Bacteria that consume heavy metals have been found in some of the most contaminated parts of the Peak District in the Southern Pennines and may be changing the pollutants into more toxic forms that could leak out into reservoirs, scientists will hear tomorrow (Monday 31 March 2008) at the Society for General Microbiologys 162nd meeting being held at the Edinburgh International Conference Centre.
The U.K. has approximately 10 15 % of the total global area of blanket bog and it covers about 8% of our total land surface. Many of the water gathering areas in the UK are located in upland blanket peat environments. It is estimated that around 16 million people live within 1 hours travelling time of the park boundary.
Millions of people rely both directly and indirectly on the health and conservation of the Peak District National Park, says Dr Patricia Linton from Manchester Metropolitan University. We have established which bacteria are dominant in the Southern Pennines. Any changes in the bacterial diversity could affect the delicate balance of the ecosystem and the health of the flora and fauna of the area.
The inter-disciplinary team of researchers has found that there is a split in the types of bacteria present, with extreme bacteria dominating in areas with the highest levels of heavy metals. Heavy metal pollution is likely to be a key factor in influencing bacterial species composition, says Dr Linton. Some of the bacteria we found in Peak District grow using iron and sulphur as an energy source. Some produce acid, which may be further acidifying the bog environment.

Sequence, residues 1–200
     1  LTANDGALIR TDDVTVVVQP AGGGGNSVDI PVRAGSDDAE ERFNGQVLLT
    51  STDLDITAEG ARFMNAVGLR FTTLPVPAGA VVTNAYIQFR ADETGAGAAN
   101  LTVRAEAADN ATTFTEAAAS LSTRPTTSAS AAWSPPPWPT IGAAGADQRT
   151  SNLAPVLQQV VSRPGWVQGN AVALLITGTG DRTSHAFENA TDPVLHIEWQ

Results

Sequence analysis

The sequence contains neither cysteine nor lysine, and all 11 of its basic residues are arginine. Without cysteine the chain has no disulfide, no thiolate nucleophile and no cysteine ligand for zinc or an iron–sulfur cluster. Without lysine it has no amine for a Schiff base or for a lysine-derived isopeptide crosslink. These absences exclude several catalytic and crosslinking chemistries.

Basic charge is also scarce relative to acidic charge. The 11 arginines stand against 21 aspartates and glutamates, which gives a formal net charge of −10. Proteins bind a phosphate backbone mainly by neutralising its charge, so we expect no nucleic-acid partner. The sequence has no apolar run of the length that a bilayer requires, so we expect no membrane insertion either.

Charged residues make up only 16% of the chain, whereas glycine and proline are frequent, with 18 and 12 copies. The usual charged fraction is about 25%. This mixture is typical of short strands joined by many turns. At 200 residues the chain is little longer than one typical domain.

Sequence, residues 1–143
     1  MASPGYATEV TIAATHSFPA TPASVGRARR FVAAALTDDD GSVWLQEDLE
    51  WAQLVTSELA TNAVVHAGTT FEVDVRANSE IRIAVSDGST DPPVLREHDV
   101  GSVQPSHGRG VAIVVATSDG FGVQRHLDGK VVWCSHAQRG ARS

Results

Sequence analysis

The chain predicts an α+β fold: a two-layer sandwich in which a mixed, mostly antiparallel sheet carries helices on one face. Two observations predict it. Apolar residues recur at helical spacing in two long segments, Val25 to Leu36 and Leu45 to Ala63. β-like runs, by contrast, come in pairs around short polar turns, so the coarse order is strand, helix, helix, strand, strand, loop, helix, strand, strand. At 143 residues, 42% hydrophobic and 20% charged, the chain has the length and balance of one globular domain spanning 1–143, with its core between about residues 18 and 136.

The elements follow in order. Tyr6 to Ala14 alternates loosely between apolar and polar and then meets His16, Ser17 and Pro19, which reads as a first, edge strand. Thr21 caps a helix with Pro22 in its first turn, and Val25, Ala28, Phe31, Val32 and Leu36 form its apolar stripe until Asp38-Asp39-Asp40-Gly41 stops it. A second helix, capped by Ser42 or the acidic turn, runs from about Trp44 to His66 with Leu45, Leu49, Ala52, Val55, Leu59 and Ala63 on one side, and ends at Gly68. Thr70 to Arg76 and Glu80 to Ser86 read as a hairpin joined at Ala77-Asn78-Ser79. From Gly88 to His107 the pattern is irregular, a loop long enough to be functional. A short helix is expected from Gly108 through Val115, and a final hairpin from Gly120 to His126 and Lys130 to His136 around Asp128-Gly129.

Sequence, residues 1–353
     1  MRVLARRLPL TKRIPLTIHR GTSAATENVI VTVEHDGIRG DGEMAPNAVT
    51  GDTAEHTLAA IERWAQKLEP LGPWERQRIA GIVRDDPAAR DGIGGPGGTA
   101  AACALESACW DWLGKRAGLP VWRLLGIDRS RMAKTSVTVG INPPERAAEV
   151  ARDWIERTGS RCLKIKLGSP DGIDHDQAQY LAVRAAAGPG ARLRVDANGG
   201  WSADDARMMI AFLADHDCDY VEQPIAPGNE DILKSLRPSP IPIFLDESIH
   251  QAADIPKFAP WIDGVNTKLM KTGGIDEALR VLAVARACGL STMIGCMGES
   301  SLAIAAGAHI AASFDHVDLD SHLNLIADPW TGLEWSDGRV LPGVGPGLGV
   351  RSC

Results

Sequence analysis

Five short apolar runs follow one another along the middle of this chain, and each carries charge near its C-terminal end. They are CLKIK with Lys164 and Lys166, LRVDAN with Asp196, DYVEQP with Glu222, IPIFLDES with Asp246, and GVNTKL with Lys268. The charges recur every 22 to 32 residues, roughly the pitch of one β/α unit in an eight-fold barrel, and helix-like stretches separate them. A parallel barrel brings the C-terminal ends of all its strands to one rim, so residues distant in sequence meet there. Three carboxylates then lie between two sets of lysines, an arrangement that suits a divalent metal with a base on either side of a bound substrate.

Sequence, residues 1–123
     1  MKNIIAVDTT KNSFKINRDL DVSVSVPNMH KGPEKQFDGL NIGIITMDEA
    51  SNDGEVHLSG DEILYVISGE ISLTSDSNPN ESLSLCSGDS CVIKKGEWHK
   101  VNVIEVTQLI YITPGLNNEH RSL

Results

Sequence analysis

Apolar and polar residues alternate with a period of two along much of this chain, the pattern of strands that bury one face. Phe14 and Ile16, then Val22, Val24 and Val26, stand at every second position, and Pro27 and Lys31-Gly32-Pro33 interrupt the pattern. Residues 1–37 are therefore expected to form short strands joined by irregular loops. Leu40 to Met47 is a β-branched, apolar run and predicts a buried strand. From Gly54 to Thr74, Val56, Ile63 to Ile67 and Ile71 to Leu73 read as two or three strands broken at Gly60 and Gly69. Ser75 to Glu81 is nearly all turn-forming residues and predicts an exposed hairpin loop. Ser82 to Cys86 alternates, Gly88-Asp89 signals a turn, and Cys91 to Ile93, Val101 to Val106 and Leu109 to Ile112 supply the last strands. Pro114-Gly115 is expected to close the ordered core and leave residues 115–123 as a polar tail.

Many heavy metals become more soluble at low pH and therefore more toxic to plants and animals and more susceptible to leaching from the soil into waterways. Bacteria may be contributing to the release of toxic heavy metals and this may have severe implications for plant and animal health and water quality.
Climate change may make blanket bogs more susc
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Society for General Microbiology